The Volcker Alliance was established in 2013 by former Federal Reserve Board chairman Paul Volcker to expand and empower government by attracting a larger and more skilled civil service workforce.  The Volcker Alliance advocates for increased government spending on public employees, increased federal engagement in state government budgets and expansion of civil service rules that make it harder to eliminate government employees. 
It also supports expansions of regulatory state power over the financial industry such as the Dodd-Frank Act and other financial services rules, and supported Obamacare as an opportunity to improve healthcare by increasing the government’s role in it.  
The Volcker Alliance is heavily funded by Ray Dalio, founder of Bridgewater Associates, the largest hedge fund in the world. 
History and Leadership
Paul A. Volcker was the chairman of the Federal Reserve Board from 1979 to 1987.  In 2013, he founded the Volcker Alliance to promote “effective management of government to achieve results that matter to citizens” by making government programs run more effectively.  Volcker died in December 2019.
The current president of the Volcker Alliance is Thomas W. Ross, a former state judge and university president who was ousted as president of the University of North Carolina by UNC’s then-Republican-controlled Board of Governors.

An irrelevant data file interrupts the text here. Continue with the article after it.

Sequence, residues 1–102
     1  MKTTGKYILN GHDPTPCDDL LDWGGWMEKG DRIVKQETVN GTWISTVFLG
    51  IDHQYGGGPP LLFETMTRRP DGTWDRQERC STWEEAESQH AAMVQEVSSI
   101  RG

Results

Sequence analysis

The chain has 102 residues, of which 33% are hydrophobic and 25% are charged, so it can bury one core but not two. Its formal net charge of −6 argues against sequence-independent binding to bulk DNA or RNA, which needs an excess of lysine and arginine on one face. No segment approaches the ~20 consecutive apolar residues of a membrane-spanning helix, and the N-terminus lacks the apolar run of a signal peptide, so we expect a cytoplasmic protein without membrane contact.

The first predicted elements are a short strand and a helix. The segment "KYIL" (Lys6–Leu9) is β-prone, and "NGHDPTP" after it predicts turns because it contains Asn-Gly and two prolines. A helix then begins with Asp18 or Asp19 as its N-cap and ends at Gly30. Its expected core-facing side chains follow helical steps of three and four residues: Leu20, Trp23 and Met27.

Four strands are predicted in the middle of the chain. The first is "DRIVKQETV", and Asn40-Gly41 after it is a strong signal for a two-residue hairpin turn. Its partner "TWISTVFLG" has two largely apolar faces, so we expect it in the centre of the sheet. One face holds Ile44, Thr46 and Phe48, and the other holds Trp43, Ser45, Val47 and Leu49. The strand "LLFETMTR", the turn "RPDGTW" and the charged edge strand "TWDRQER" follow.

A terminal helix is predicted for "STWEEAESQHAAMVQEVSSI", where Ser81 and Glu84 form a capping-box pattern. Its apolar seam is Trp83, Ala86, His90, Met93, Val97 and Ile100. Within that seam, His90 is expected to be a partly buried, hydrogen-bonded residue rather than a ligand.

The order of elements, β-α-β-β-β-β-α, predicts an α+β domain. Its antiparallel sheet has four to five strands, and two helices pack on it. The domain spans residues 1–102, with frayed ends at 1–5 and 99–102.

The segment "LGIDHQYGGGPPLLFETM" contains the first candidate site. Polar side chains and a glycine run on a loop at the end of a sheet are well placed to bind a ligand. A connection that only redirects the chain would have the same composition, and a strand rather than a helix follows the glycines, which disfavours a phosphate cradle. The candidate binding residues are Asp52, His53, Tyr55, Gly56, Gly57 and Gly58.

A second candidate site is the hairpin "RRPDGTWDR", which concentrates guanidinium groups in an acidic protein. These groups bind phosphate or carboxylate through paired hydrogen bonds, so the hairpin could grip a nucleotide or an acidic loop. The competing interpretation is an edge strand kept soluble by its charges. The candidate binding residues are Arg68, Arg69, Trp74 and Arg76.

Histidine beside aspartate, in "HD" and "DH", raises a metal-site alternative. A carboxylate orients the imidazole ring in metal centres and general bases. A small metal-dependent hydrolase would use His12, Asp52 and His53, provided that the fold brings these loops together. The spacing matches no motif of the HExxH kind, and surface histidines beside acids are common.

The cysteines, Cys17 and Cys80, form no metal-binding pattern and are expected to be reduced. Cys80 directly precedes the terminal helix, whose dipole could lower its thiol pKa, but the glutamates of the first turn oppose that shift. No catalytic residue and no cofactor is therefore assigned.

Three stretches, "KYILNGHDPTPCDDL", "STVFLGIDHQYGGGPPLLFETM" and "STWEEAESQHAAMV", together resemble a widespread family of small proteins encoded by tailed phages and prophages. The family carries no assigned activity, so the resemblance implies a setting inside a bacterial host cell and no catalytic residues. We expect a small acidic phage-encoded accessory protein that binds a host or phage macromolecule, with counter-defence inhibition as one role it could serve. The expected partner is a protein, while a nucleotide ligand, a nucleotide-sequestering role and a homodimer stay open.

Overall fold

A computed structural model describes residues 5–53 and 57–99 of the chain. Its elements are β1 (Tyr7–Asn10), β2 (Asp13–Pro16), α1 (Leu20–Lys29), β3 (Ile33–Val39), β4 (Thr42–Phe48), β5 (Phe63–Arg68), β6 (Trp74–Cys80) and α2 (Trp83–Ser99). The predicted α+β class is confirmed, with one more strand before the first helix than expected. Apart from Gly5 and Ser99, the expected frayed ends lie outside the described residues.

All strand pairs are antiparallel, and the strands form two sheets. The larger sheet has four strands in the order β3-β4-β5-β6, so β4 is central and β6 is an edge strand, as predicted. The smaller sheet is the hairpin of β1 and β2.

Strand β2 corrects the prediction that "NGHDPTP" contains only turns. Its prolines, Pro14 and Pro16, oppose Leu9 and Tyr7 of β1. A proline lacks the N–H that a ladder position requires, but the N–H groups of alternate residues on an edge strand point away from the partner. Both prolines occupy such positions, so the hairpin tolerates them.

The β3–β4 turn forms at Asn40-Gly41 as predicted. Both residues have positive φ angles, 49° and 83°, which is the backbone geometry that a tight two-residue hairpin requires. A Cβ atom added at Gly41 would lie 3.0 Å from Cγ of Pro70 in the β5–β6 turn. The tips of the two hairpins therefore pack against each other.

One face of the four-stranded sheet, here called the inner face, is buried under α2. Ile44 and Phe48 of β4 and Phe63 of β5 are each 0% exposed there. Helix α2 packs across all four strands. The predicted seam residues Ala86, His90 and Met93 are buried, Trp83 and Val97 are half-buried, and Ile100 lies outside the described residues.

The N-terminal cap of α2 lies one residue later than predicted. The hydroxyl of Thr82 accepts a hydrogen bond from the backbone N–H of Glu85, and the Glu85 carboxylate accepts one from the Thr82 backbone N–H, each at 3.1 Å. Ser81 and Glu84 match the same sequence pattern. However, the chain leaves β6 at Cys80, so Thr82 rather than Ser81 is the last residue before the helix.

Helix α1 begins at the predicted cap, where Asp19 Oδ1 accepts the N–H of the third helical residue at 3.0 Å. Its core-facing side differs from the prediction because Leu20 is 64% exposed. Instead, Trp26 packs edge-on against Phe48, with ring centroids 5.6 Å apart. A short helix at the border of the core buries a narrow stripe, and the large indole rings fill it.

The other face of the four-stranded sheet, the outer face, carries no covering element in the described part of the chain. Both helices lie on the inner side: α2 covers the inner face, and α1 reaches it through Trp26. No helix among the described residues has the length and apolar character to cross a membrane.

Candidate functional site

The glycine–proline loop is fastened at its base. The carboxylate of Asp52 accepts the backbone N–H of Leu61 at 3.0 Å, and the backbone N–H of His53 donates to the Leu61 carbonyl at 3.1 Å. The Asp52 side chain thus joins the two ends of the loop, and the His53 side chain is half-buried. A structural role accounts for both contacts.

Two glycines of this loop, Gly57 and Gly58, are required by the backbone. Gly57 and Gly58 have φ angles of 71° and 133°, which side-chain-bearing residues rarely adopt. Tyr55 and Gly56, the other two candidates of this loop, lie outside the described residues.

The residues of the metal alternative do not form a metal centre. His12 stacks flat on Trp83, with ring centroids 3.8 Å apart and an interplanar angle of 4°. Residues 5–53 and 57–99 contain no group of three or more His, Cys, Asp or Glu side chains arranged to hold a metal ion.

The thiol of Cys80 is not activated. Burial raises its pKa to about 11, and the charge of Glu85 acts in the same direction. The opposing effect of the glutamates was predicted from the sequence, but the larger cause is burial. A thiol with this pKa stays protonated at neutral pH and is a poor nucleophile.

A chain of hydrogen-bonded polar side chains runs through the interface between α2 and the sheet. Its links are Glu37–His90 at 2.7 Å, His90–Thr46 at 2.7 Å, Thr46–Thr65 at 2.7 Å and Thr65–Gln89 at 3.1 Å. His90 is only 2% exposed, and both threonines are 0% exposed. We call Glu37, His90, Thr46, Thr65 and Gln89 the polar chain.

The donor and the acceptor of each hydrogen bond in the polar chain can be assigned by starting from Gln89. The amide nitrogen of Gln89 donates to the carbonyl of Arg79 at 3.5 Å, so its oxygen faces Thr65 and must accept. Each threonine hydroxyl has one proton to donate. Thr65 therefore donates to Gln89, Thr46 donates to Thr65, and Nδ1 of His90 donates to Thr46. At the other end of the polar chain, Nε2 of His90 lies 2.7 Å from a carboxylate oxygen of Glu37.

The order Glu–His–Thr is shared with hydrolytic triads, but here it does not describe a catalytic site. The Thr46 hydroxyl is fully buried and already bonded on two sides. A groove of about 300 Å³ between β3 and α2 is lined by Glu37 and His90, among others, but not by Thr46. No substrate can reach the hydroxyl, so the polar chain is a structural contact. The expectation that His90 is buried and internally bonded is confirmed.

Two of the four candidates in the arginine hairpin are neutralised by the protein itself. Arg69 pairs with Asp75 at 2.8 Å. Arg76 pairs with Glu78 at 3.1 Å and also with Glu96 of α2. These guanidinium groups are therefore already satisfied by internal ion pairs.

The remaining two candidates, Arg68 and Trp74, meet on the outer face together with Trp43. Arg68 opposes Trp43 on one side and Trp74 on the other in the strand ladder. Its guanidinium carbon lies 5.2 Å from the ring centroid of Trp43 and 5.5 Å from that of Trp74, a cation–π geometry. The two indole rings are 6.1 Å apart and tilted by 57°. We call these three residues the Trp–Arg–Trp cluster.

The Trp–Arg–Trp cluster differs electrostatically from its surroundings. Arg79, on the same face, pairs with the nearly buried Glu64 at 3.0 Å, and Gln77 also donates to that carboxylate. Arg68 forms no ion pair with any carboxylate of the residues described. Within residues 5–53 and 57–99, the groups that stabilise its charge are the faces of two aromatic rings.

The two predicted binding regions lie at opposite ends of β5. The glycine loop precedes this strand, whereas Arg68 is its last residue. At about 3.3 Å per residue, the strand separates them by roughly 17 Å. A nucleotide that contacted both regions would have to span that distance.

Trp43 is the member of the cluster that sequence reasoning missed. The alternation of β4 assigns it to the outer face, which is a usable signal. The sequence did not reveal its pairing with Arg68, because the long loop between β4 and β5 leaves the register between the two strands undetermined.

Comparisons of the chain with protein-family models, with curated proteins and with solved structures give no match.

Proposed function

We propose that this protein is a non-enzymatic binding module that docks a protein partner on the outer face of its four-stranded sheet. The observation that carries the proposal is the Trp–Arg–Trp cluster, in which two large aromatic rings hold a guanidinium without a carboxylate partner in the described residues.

Ross was the former executive director of the Z. Smith Reynolds Foundation, which under his leadership completed its transformation from supporting charitable works in North Carolina to funding progressive social and political causes in the state.  Ross was also a leader in the Democratic Party-backed initiative in North Carolina against the Republican-led legislature’s drawing of Congressional districts. 
Research and Policy Priorities
Tracking and Expanding the Size of Government
In a 2017 paper entitled, “The True Size of Government” Volcker Alliance senior fellow Paul C. Light enumerated the combination of federal employees, contractors, grant-funded workers, active-duty military, and U.S. Postal Service employees that he contends make up the true “blended workforce” of the federal government.  The report supported the Volcker Alliance viewpoint that a larger federal workforce is better. Light has blamed the inefficiencies of the federal government on understaffing and argued against reducing the size of the federal workforce.
In his report, Light criticized the regulatory reform efforts of President Donald Trump, writing that “his definition of a government that works better and costs less was a government that cost less because it was no longer working.” 
Modernizing Agency Hiring Practices
In 2018, President Trump implemented hiring reforms for federal civil servants as part of H.R. 5515, the John S. McCain National Defense Authorization Act.  The reforms, which broadly made it easier for federal agencies to hire white-collar employees, were supported by the Volcker Alliance and Partnership for Public Service.
Increasing the Power of Financial Regulators